In the end, most of these prefabricated houses – and indeed most houses in Japan – have a lifespan of only about 30 years. Unlike in other countries, Japanese homes gradually depreciate over time, becoming completely valueless within 20 or 30 years. When someone moves out of a home or dies, the house, unlike the land it sits on, has no resale value and is typically demolished. This scrap-and-build approach is a quirk of the Japanese housing market that can be explained variously by low-quality construction to quickly meet demand after the second world war, repeated building code revisions to improve earthquake resilience and a cycle of poor maintenance due to the lack of any incentive to make homes marketable for resale. In Midorigaoka, even the newer homes built in the 80s and 90s are nearing the end of their expected lifespan.
Under normal circumstances, their days might be numbered. But down at the end of one block, there’s a sign things are changing. Scaffolding surrounds a vacant house on a corner and workers from Daiwa House are clanging away inside. They’re not demolishing the house but refurbishing it – reorganising the floor plan, knocking down walls, opening up the kitchen and enhancing the insulation. Rather than tear down the house so the next buyer can build something new, they’re rebuilding it from the inside and putting it back on the market. It’s a relatively rare commodity, but something that is increasingly common across Japan: a secondhand home.
I’ve long predicted that Greece will be much less peaceful once Syriza loses power. But yeah, the whole country’s put up for sale, so foreigners are certain to take over.
Hedge fund manager, Kyle Bass, believes that Greece will come out of the crisis and investors will pour billions into its economy once the government changes, according to a CNBC report. The founder and chief investment officer of Hayman Capital Management; which manages an estimated $815 million in assets, is closely following the course of the Greek economy and political situation, and has invested in Greek bank stocks. Bass says that foreign investors are waiting on the sidelines for a political shift to take place in 2018. “My best guess is a snap election for prime minister will be called between April and September of next year and Prime Minister Alexis Tsipras will lose power. When that happens, there will be a massive move into the Greek stock market. Big money will flow in as investors feel more confident with a more moderate administration,” Bass said.
“It’s going to take Kyriakos Mitsotakis; president of New Democracy, the Greek conservative party, to be voted in as prime minister to reform the culture and rekindle investor confidence,” the investor said. “I have no doubt 15 billion euros in bank deposits will come back to Greek banks if he’s elected. The stock and bond markets will also jump following the election.” Bass says that global investors are waiting for the political change in order to invest in real estate, energy and tourism. So far, the hedge fund manager noted, Greece has proceeded with privatizations of its main port; regional airports; its railway system; the largest insurance company, and there are more important ones to be completed within the next two years. “There is so much potential in Greece,” Bass said, noting that investors are waiting for the right moment to enter, the CNBC report concludes.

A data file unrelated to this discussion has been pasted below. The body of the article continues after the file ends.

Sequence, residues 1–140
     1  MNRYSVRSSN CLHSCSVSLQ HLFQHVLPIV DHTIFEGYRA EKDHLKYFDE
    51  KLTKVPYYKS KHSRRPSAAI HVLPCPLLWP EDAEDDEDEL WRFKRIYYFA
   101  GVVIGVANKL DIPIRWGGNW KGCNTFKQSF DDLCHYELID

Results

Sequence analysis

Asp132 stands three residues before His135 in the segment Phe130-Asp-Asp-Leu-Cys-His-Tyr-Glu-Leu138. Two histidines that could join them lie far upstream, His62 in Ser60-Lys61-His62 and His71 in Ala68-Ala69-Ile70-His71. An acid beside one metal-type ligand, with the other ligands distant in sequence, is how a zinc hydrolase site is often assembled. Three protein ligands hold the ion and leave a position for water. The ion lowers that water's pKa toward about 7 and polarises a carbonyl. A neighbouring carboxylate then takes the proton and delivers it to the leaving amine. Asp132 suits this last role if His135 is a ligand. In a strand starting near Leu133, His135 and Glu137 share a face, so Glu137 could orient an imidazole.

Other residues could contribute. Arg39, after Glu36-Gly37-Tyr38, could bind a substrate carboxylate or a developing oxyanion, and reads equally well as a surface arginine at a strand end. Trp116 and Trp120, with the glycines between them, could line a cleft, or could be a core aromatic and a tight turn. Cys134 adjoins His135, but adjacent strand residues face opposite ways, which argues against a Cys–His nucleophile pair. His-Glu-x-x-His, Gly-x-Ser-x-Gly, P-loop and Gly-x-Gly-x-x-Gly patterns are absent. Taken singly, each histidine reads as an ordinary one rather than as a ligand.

Europe just lets it get worse.
With reception centers on Lesvos bursting at the seams and dozens more migrants arriving daily, the island’s mayor, Spyros Galinos, on Tuesday declared a general strike for Monday in protest. Currently, some 1,500 people – including hundreds of small children – are stranded on the island living in tents, and fears are growing that winter may bring a new humanitarian crisis. In total, there are more than 8,000 migrants and refugees on Lesvos, a favored destination of traffickers bringing people over from neighboring Turkey. “Lesvos has a population of 32,000 residents and there are at the moment 8,300 migrants and refugees,” Galinos told Kathimerini. Moreover, local police union members held a protest over deteriorating working conditions.
“The situation on Lesvos has fueled insecurity among citizens. The police force is dealing exclusively with the migrant issue,” the union chief Dimitris Alexiou said. “We are not expendables,” he added. And with flows to the eastern Aegean islands from Turkey showing no signs of letting up, locals and migrants have reached the end of their tether. Since the beginning of November, 1,603 people have arrived on the islands. In September, 6,000 people arrived from Turkey, the same number as in October. On Monday, another 101 migrants landed on eastern Aegean islands, while more than 400 arrived over the weekend. The situation in the Moria camp on Lesvos is a case in point.
“Conditions at Moria have reached breaking point as the facility is three times over capacity,” said Michael Bakas, coordinator of the northern Aegean branch of the Ecologist Greens, who escorted visiting Group of the Greens MEP and vice chairwoman of the European Parliament’s Subcommittee on Human Rights Barbara Lochbihler. Bakas said about 1,000 children are currently stranded at the camp. The issue will be discussed at the EU assembly on Wednesday.
Monsanto must now have as many lawyers as scientists on its payroll. Time to say enough is enough.